OFFSET

1,1

COMMENTS

At least one of the prime gaps before and after a(n) is divisible by 6, and exactly one is divisible by 4.

Dickson's conjecture implies there are, for example, infinitely many primes p such that p-4 is the prime before p, p+6 is the prime after p, and 2*p+1 is prime; these are members of the sequence.

For the sum of a(n) and the average of the primes immediately before and after a(n) see A338273.

a(3)=79, a(4)=83, a(5)=89 are three consecutive primes. The first case of four consecutive primes in the sequence is a(723)=67789, a(724)=67801, a(725)=67807, a(726)=67819. The first case of five consecutive primes in the sequence is a(13175)=2263249, a(13176)=2263273, a(13177)=2263307, a(13178)=2263319, a(13179)=2263321.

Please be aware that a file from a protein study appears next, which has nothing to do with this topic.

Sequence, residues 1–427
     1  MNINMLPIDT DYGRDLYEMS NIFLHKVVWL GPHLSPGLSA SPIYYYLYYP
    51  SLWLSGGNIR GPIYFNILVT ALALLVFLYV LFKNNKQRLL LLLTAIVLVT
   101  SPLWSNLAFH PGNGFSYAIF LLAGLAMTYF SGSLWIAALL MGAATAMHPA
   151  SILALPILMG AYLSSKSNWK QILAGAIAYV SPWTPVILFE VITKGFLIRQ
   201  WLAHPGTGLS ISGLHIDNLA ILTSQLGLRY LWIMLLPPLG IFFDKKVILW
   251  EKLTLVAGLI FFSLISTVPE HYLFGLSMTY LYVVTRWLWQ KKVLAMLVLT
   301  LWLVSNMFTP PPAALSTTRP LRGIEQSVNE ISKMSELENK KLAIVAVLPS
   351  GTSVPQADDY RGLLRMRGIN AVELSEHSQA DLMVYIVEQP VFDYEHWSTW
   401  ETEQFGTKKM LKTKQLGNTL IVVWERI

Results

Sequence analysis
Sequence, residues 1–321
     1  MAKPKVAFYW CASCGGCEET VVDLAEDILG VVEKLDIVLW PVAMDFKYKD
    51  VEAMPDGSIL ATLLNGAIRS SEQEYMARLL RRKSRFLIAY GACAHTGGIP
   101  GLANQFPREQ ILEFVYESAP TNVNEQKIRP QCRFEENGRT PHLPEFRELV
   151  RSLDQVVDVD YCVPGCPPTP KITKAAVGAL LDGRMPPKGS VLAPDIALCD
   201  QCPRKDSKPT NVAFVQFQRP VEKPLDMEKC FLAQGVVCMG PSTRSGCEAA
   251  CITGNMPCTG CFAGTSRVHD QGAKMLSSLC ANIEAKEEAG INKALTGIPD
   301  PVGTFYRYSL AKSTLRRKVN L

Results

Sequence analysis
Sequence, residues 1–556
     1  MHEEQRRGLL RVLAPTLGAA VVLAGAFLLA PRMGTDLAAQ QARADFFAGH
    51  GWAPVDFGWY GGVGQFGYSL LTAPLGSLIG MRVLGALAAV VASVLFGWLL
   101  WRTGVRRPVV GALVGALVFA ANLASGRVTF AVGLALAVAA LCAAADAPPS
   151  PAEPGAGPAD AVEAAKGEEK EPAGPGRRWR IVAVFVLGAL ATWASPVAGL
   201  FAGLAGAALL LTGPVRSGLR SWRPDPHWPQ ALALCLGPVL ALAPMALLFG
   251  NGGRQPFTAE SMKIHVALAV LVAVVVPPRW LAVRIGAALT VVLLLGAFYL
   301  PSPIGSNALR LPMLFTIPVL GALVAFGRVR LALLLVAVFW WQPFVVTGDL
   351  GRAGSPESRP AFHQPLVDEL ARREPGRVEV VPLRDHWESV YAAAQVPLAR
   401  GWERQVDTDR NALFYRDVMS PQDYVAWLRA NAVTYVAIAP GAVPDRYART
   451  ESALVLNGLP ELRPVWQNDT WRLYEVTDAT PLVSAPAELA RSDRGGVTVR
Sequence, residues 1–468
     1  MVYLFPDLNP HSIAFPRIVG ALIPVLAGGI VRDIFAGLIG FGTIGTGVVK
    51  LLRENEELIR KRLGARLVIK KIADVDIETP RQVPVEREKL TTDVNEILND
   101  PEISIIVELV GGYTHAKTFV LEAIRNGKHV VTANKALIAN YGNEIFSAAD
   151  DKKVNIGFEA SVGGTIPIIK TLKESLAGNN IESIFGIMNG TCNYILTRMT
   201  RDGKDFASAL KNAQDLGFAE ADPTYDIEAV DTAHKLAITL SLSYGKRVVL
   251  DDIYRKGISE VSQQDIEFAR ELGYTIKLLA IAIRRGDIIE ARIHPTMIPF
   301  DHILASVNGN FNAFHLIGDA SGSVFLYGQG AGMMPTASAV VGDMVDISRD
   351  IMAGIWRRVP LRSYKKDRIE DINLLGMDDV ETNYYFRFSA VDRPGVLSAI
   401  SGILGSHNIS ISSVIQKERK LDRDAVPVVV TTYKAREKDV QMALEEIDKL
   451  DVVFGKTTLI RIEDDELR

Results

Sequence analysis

LINKS

Robert Israel, Table of n, a(n) for n = 1..10000

EXAMPLE

a(3)=79 is in the sequence because 79 is prime, the primes before and after 79 are 73 and 83, and 79 + (73+83)/2 = 157 is prime.

MAPLE

q:= 3: r:= 5:

count:= 0: R:= NULL:

while count < 100 do

p:= q; q:= r; r:= nextprime(r);

if isprime((p+2*q+r)/2) then count:= count+1; R:= R, q; fi

od:

R;

CROSSREFS

KEYWORD

nonn

AUTHOR

J. M. Bergot and Robert Israel, Oct 19 2020

STATUS

approved